Part of the romanticism of mental illnesses is that someone who is mentally ill can be cured by love or that someone can be a cure for someone else’s mental illness. We see this in media and it seeps into real life to the point that people don’t understand why we can’t stop being depressed or anxious for them (How to Cope With a Loved One’s Mental Illness). What people need to realize is although being loved can make dealing with mental illness easier, love does not cure mental illness.

Continue reading

Autism vs. Childhood Mental Illness

Autism vs. Childhood Mental Illness

Autism and childhood mental illnesses can look very similar at first glance. This article discusses what behaviors parents may see in both and how they differ.Many childhood mental illnesses involve behaviors similar to those found in autism spectrum disorder (ASD), commonly just referred to as “autism.” As a result, parents may hear the term “autism” mentioned when their child first exhibits worrisome behaviors. This first post on autism will look at the similarities and differences between autism spectrum disorder and childhood mental illness, as seen from a parent’s perspective.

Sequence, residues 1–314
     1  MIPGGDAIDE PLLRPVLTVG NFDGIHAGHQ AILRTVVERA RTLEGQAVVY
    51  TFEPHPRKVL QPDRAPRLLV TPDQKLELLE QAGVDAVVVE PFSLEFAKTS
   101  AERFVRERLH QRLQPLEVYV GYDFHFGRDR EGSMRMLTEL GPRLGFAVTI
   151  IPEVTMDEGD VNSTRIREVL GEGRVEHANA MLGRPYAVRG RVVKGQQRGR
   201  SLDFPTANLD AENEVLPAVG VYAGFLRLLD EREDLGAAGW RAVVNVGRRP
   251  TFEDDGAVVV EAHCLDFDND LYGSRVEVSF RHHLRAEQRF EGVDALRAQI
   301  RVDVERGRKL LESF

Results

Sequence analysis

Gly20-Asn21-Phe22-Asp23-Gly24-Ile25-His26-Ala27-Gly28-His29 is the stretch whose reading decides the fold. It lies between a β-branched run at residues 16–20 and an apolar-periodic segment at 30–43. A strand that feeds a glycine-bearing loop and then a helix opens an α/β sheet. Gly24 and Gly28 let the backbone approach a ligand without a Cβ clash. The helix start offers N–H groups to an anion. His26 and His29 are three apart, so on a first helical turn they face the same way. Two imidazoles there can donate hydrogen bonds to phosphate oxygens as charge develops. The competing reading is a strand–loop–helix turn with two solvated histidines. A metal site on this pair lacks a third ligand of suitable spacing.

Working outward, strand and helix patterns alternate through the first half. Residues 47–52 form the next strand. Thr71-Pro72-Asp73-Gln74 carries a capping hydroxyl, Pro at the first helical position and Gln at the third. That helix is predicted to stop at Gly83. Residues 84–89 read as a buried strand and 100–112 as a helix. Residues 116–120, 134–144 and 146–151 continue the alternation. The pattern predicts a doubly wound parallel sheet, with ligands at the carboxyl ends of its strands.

Continue reading


Follow Us

Subscribe to Blog

  • advertisement

Comments

Mental Health Newsletter

Sign up for the HealthyPlace mental health newsletter for latest news, articles, events.

Mental Health
Newsletter Subscribe Now!

Mental Health Newsletter

Sign up for the HealthyPlace mental health newsletter for latest news, articles, events.

Log in

Login to your account

Username *
Password *
Remember Me